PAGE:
Choosing the Right Bicycle

Cycling has enjoyed increasing popularity in recent years as more people realize the benefits and enjoyment of the sport—in fact, in 2017 there were 66 million riders in the United States. It’s a great way to spend family time, to do on your own, or even to consider as a way to commute to work. This low-impact exercise boasts many health benefits including improving mental well-being, promoting weight loss, building muscle and boosting your cardio health.

You can always jump on a stationary bike at the gym, but if you’re the outdoorsy type, buying a standard bicycle costs less overall than its stationary little brother. Before you buy, you’ll want to arm yourself with some knowledge about how to purchase the right bicycle for YOU.

What to look for in a professional bike shop. There’s nothing wrong with shopping for bicycles online, but consider all of the advantages of going to a brick-and-mortar store. Besides fit sessions and test rides, a bike shop will ensure quality assembly and might offer free adjustments for a period of time, as well as other discounts on accessories included with the purchase of a complete bike. A bike shop is also a venue for getting to know other cyclists through organized group rides and events. Customers are invited into the cycling community, which can be a great service for the new rider.

With over 5,300 specialty bike stores nationwide, doing a little homework may pay off with a good deal AND a good retail relationship as you take up this sport. Be sure to pick a store that not only sells bicycles, but services them as well. A good bike dealer will take care of your selection, fitting and future bicycling needs. To locate a dealer near you, visit Find Bicycle Shops.net.

What type of bike are you looking for? According to the National Bicycle Dealers Association, there are many points to consider: size, feel, look, ride, and what kind of terrain you’ll be riding on. Here are the main types of bicycles and what to look for in each:

  • Mountain – Look for a mountain bike with wide, knobby tires, a flat handlebar, strong brakes, and shock-absorbing suspension that’s made for rough, unpredictable trails.
  • Road – Most road bikes have smooth, skinny tires and a curved handlebar, and place you in a bent-over position suited for speed.
  • Hybrid – Hybrids provide comfort and stability via moderately thick tires and an upright riding position, a compromise that allows you to ride easily on city streets or packed-dirt paths. They are lightweight and fun to ride, making them a solid choice for commuters or new riders who want one bike to run errands, cruise the rail-trail, and ride with the family.
  • Commuters or Urban – Commuter bikes range from sturdy workhorses to stylish fashion accessories, and often have utilitarian features like rack and fender mounts, an upright frame design.

Get the right fit! Whether you purchase an entry-level bike or a top-shelf model, the right fit is key to your cycling experience. A good salesperson should help find the right size for you, and then make at least four adjustments, to: seat height, saddle position, handlebar height and reach. More serious riders may want to find a shop staffed with a certified bike fitter—that will take precise measurements, set you up on multiple bikes, and swap parts if necessary to optimize your position.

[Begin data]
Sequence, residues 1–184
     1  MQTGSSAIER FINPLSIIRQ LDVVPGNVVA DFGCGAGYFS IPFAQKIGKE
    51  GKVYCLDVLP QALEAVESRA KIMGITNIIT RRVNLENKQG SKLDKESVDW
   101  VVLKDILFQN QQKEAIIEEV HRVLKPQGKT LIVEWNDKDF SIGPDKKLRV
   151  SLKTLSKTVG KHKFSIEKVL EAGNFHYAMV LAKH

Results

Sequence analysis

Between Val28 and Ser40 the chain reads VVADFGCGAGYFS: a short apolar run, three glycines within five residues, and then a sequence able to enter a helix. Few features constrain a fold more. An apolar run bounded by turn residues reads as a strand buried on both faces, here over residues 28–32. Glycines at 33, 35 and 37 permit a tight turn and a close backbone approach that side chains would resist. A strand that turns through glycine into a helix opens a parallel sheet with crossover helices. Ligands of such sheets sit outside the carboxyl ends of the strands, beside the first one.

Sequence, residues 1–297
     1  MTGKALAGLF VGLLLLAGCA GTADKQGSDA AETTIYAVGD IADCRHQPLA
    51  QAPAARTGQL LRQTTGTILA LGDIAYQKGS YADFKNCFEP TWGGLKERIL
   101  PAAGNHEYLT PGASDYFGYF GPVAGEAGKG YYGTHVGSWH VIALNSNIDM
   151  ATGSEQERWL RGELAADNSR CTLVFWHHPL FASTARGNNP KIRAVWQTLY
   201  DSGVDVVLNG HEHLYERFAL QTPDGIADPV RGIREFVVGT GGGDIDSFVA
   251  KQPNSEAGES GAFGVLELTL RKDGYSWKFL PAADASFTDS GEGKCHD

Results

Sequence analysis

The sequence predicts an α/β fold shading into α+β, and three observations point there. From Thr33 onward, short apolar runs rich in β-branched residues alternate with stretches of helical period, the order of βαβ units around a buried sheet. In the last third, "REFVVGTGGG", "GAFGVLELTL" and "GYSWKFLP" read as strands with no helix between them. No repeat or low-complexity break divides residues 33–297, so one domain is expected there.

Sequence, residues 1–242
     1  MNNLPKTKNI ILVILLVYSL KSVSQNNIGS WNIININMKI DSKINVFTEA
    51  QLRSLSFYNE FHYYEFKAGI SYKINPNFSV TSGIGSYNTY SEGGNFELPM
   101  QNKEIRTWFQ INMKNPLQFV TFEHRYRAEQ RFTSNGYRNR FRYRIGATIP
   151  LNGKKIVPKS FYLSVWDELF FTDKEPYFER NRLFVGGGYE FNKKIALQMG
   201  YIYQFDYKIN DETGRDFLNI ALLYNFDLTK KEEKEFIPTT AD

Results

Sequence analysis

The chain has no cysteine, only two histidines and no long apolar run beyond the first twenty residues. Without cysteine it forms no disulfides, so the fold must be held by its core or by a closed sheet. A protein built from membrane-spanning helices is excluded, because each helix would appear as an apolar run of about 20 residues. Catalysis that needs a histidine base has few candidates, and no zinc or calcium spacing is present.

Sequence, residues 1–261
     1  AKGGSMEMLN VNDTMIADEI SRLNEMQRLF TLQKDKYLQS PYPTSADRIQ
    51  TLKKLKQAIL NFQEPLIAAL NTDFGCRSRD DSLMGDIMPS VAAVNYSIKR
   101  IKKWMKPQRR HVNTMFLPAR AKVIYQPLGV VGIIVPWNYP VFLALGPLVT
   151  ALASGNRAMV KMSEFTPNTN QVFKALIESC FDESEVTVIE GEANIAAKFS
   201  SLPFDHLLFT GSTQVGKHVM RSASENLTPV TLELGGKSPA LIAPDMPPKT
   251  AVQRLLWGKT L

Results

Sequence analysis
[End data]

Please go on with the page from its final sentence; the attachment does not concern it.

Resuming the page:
Test drive a few bikes. You wouldn’t buy a car without test driving a few models. Same goes for your new bike. In some cases, you’ll be spending several hundred to potentially several thousand dollars, so you want to come away feeling happy, comfortable and not compromised. Try to focus your options to three models based on your budget and intended use. Then make sure you take an adequate test ride of at least 15 to 20 minutes—longer if you can. Once you make your selection, don’t be afraid to negotiate on price with the bike dealer.

Budget for more than just the bike. Decide how much money you want to invest in your cycling goals before you start shopping. Then, regardless of your budget, allocate about two-thirds of it to the bike. You’ll want to save some for accessories, like a good helmet, tire pump, water bottle, and bottle cage. You’ll also want basic tools and a spare inner tube in case you get a flat tire. Ask your retailer for advice on what other equipment you will likely need.

Seek out bicycling resources. Your first resource is your bike store. You may need some advice or a demonstration of all the bike’s features, such as shifting, braking maintenance, etc. Make sure you receive the owner’s manual with the bike, and read this valuable resource for safety and optimal operation. Also, don’t forget that there are many books, magazines and online resources available if you want more information about cycling.

Safety and Sharing the Road. Many Americans are increasingly choosing walking, running, and bicycling to stay active and as an alternative to the daily drive to work. The National Highway Traffic Safety Administration’s Share the Road effort reminds everyone that we have a responsibility to do just that so we can all safely get to where we’re going. By law, drivers must share the road with cyclists and pedestrians. But bicyclists and pedestrians have responsibilities, too. Ride and walk with safety in mind. Just like vehicle drivers, bicyclists must obey street signs, signals, and road markings. Always ride with traffic, ride defensively assuming others cannot see you, and ride attentively.

Good luck with your new bike, stay safe, and enjoy the ride!

Resources: National Bicycle Dealers Association, Bicycling.com, Cycling Weekly, Statista.com.